Friday, August 5, 2011

Hume and the confirmability of miracles

While discussing the McGrews' Bayesian analysis of the Resurrection (CCRJ), I frequently mentioned that the McGrews and myself were not attempting to derive odds on the Resurrection. Rather, we were focusing on the Bayes factor - aka the likelihood ratio - which if you recall, is the number by which the prior odds ratio p(`thing')/p(`other thing') is multiplied to yield the posterior odds ratio q(`thing')/q(`other thing'). So at the very minimum, one needs to estimate what the prior odds should be in order to derive the final odds. Since neither of our approaches were sufficiently general to capture a truly cumulative Bayes factor, even this may be inadequate, but since the factor I derived - 106 - was calibrated given generous textual assumptions in favor of the Resurrection, we may be able to tentatively estimate an upper bound on reasonable posterior odds using that factor if we have an upper bound on reasonable priors. If that upper bound is less than 10-6, we may conclude that the Resurrection probably did not occur, i.e. 0.5>q(R).

I opine that barring other arguments in the context of a natural theology, such an upper bound exists. That is, the Resurrection can not reasonably be confirmed from the textual record alone with respect to convincing background knowledge which is shared by skeptics and Christians alike. But I am interested in Hume's more general thesis, which is that miracles by their nature can not reasonably be confirmed. The details of an analysis of the Resurrection are merely an instance of a more general unconfirmability argument.

I pause to obviate a potential objection: I am fully aware that the proper interpretation of Hume's Enquiry concerning Human Understanding, especially Of Miracles, is a hotly disputed topic. I am attributing an unconfirmability argument to Hume; I doubt he can be convincingly interpreted as not making such an argument. But I am not here interested in any historical exoneration or conviction of Hume of philosophical crimes. Rather, I want to work with his apparent argument by recasting it in formal terms, propose that it is inadequate, and attempt to shape a more satisfactory unconfirmability argument.

I am neither discussing nor proposing a definition-dependent impossibility argument, e.g., "A miracle is the violation of mathematical, divine, immutable, eternal laws. By the very exposition itself, a miracle is a contradiction in terms: a law cannot at the same time be immutable and violated." Rather, I am interested in miracles loosely defined as particular exceptions to otherwise exceptionless laws or regularities of nature. In this context, the regularities of importance are putative laws, and their importance is epistemic, not ontological. Whether or not a putative law is true is largely irrelevant: what matters is how well-supported it is.

The proper definition of a miracle is also in dispute. As regards this item, I follow Tim and Lydia McGrew in treating the Resurrection as a paradigm (CCRJ, p.4). As I will explain in the course of this discussion, working with paradigm cases like the Resurrection is all that should be required. Failures of consensus on miracles are relevant to Hume's argument, but they will not prove necessary to reject his conclusion. Which is roughly as follows:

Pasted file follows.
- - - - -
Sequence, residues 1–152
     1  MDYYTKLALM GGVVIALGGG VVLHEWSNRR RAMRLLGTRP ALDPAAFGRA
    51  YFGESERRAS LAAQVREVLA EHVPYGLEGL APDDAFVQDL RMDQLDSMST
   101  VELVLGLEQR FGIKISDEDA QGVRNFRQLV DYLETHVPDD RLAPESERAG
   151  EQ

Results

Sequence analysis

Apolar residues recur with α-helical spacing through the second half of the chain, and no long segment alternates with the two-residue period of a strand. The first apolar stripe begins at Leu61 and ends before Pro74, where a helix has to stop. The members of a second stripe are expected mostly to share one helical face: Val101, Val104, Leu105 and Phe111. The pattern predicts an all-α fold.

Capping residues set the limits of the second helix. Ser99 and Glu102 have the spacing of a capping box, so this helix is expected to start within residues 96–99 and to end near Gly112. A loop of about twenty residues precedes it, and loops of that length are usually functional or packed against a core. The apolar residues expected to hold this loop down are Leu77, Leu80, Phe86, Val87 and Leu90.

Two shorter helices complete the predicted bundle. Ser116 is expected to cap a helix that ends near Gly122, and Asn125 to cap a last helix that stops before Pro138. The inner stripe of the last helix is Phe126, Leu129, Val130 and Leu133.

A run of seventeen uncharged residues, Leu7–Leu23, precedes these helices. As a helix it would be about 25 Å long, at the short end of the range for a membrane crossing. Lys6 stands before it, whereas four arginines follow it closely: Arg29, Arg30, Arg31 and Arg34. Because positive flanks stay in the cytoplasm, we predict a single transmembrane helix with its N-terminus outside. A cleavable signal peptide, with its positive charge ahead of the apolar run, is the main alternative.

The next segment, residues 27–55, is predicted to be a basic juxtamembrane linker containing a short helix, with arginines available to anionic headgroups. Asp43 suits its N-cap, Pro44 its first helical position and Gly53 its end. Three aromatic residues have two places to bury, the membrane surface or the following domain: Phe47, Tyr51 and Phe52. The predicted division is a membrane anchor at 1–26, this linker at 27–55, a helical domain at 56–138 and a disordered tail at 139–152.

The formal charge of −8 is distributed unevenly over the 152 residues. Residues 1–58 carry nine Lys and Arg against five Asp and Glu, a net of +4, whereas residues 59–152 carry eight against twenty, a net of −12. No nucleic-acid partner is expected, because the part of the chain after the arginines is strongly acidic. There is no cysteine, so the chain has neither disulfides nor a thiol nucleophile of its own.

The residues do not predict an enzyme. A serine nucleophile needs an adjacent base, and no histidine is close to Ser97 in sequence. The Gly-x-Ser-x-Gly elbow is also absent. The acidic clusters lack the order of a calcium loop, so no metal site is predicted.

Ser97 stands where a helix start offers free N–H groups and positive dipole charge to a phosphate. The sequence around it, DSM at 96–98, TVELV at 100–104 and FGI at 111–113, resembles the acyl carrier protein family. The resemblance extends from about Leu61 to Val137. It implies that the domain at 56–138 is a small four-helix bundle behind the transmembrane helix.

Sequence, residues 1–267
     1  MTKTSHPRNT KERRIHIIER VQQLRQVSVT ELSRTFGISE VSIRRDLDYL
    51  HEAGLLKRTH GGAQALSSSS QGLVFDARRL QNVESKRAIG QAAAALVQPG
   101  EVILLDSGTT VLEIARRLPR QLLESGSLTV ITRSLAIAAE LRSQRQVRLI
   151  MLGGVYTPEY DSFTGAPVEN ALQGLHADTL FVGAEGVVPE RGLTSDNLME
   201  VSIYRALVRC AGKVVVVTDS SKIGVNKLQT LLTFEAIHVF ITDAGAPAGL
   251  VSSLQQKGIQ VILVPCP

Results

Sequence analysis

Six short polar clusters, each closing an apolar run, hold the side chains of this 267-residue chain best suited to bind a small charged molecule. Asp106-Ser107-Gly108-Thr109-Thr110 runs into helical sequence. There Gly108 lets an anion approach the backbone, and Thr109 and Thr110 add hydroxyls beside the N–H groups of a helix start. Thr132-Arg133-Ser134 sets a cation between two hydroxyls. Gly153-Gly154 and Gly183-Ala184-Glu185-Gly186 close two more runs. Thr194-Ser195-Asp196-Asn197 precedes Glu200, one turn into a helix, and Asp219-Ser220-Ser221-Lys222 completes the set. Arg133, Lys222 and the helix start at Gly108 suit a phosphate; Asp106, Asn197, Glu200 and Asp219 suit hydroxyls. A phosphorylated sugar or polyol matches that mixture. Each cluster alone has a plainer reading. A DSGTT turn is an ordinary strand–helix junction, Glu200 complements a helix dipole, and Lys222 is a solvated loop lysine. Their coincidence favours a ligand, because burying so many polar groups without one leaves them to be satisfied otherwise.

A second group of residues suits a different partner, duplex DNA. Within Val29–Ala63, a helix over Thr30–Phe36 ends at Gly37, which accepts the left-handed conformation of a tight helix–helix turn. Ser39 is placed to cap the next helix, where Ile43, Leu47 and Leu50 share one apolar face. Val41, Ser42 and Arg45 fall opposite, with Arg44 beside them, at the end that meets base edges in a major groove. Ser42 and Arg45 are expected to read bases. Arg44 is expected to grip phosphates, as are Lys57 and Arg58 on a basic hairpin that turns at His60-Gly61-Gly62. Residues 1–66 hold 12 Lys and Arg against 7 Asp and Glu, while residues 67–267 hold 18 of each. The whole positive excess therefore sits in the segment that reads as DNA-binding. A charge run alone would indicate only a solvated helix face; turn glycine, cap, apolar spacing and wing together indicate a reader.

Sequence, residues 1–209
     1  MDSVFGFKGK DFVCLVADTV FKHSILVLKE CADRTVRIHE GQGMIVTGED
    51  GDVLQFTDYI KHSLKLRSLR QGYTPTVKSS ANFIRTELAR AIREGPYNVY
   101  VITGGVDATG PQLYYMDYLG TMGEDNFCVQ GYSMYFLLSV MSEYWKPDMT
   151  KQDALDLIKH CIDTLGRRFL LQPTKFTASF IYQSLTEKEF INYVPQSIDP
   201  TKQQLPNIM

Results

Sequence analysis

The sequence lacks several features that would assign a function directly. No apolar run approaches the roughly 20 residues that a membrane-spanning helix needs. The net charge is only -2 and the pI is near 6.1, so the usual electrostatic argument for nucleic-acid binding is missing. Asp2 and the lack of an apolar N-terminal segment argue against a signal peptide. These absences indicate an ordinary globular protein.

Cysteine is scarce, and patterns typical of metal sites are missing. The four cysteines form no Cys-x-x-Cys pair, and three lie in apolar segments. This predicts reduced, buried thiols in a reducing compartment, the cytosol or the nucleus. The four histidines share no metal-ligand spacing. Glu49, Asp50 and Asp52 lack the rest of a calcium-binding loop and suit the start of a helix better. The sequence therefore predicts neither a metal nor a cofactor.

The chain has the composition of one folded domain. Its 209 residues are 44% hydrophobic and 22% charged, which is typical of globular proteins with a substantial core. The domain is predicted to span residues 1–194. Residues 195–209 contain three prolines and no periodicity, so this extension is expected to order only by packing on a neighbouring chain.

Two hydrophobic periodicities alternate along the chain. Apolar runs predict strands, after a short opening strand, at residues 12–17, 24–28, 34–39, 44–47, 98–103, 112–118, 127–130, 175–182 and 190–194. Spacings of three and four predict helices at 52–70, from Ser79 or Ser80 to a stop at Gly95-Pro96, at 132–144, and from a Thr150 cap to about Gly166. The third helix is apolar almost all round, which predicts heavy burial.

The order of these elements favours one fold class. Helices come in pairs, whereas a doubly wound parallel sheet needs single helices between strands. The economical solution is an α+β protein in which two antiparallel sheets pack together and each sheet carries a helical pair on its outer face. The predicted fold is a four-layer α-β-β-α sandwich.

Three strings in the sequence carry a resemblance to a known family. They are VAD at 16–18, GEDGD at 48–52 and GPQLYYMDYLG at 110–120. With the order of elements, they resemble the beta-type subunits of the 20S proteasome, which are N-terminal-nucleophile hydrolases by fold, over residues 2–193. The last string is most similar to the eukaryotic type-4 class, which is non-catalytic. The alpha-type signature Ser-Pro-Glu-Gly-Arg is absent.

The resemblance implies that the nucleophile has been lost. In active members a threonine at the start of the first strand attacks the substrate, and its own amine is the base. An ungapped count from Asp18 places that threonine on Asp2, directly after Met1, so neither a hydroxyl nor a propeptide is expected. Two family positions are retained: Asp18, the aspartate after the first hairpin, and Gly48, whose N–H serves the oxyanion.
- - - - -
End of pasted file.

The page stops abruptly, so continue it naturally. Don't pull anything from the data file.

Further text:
Hume's Argument: There cannot exist evidence E for a miracle M such that


With conditionalization, this is equivalent to stating that the posterior odds on a miracle can never be greater than 1/2.1

The initial prospects of this statement are rather dim. As is commonly pointed out, there are no a priori boundaries on the size of Bayes factors: no matter how small the prior odds on a miracle, there exist finite Bayes factors which can overcome them. Similarly, disputes concerning the definition of a miracle make it impossible to have confidence in such a general statement.

I would also add that we should not be overly interested in such an argument as employed to justify ignoring any potential evidence for miracles. The debate is worthwhile. As I have noted in a slightly different context:
It is very often said, by e.g. PZ Myers and Massimo Pigliucci, that one cannot evidence Christianity or gods because they are not coherent hypotheses. More needs to be said about this, but I would at least suggest the following: if the evidence for the Resurrection really is extremely convincing to reasonable people on the assumption of coherency, we should take an attitude similar to that which I think we take to science: some conceptual fuzziness is to be tolerated, barring flat contradiction, where overwhelming evidence for an aspect of a theory is available. Were I to find the evidence for the Resurrection convincing, I know I would be working very diligently to craft a coherent Christian philosophy to accommodate it. So to me, the coherency difficulty is in many ways secondary, unless that difficulty is so severe that one cannot even begin to discuss relevant evidence. I think we usually manage to do so. Wouldn't you agree?
The argument also conflicts with the empirical, tentative nature of skeptical inquiry. I think we should wish to avoid such categorical statements.
The temptation to fashion such an argument is understandable. But it should be resisted. Any epistemology that does not allow for the possibility that evidence, whether from eyewitness testimony or from some other source, can establish the credibility of a UFO landing, a walking on water, or a resurrection is inadequate. (Earman, p.4)
As Earman also notes, there are events which, were they to occur, surely amount to convincing evidence for a miracle claim: